Webinar — Mind the Gap!
How to Run Wound Healing Assays to Get Maximum Biological Relevance and Reproducibility
The study of cell migration and cell motility is of great importance to understand diseases. Cell migration can be the cause of cancer progression and metastatic cancer cells. Hence, the wound healing assay is an established in vitro method to measure directional cell migration.
But measuring the kinematics of wound healing requires you to have a cell-free gap between two cell-covered areas. The scratch assay — a typical way for creating cell-free areas — shows poor reproducibility and user-dependent effects.
Having a reproducible experimental setup is the basis for achieving meaningful results.
Secondly, the results of conventional approaches are not giving you the full story. For example, end-point assays miss out on real-time data. While time-lapse setups overlook to address the influence of both cell migration and cell proliferation or cannot quantify unique single-cell behavior. Also, imaging using cellular markers is known to influence living cell behavior.
How can you run wound healing assays that get you biologically relevant and reproducible data?
In this joint webinar with ibidi, we will:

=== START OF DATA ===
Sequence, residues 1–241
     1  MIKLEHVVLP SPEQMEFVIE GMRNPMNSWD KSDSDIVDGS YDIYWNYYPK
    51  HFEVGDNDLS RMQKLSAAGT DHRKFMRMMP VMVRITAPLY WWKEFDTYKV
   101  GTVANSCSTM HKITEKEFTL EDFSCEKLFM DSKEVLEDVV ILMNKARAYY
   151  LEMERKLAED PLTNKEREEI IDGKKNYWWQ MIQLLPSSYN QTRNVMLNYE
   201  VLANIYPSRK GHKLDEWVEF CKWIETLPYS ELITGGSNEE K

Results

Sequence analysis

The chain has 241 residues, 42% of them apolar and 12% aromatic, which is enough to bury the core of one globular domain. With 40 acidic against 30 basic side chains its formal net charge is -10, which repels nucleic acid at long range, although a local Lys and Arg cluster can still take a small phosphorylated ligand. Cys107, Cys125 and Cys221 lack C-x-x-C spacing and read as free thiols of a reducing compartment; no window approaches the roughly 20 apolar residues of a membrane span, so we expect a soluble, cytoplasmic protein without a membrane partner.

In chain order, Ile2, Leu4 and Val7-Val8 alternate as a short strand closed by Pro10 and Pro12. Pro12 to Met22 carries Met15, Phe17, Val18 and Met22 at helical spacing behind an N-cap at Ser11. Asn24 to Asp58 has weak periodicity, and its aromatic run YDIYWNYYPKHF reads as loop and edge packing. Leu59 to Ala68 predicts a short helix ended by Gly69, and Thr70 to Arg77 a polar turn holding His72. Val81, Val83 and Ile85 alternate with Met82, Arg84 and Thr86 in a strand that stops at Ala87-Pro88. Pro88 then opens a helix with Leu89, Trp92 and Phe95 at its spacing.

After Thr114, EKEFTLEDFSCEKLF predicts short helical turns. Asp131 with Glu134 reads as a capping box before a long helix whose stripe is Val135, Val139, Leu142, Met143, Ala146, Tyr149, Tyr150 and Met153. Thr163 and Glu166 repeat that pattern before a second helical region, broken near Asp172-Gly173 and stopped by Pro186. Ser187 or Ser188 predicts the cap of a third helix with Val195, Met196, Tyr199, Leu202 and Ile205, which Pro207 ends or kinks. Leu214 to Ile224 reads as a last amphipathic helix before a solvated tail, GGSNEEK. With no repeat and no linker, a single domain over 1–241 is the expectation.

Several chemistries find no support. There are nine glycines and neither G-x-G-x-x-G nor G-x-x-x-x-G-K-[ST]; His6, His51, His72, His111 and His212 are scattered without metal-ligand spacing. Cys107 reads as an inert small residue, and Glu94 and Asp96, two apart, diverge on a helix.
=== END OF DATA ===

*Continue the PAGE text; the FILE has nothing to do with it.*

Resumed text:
- Speak about the idea behind wound healing and migration assays
- Walk through a complete wound healing experimental workflow from sample preparation and live cell imaging to quantitative image analysis
- Present you multiple application examples, videos, and latest user publications
About the speakers:
Peggy Benisch, Head of the ibidi Academy, will introduce a new method to set up wound healing experiments based on the ibidi Culture-Insert. The Culture-Insert produces a precisely defined gap size between two cell patches for time-lapse microscopy.
Lisa Bodily, Communication Manager at PHI, will show you how to overcome conventional wound healing drawbacks by running automated and non-invasive wound healing assays with single-cell tracking using the HoloMonitor® live cell imaging system.
Your PHI & ibidi webinar team